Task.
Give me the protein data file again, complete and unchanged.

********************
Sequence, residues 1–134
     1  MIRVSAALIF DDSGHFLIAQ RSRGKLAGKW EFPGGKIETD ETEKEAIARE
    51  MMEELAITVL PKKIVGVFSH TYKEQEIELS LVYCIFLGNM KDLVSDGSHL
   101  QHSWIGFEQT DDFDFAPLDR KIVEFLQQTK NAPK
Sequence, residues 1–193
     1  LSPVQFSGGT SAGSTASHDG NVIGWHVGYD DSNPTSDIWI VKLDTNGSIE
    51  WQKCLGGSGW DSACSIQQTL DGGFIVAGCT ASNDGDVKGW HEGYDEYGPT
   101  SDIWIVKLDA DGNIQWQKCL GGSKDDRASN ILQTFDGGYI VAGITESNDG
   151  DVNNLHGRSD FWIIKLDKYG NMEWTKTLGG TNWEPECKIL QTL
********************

Sequence, residues 1–134
     1  MIRVSAALIF DDSGHFLIAQ RSRGKLAGKW EFPGGKIETD ETEKEAIARE
    51  MMEELAITVL PKKIVGVFSH TYKEQEIELS LVYCIFLGNM KDLVSDGSHL
   101  QHSWIGFEQT DDFDFAPLDR KIVEFLQQTK NAPK
Sequence, residues 1–193
     1  LSPVQFSGGT SAGSTASHDG NVIGWHVGYD DSNPTSDIWI VKLDTNGSIE
    51  WQKCLGGSGW DSACSIQQTL DGGFIVAGCT ASNDGDVKGW HEGYDEYGPT
   101  SDIWIVKLDA DGNIQWQKCL GGSKDDRASN ILQTFDGGYI VAGITESNDG
   151  DVNNLHGRSD FWIIKLDKYG NMEWTKTLGG TNWEPECKIL QTL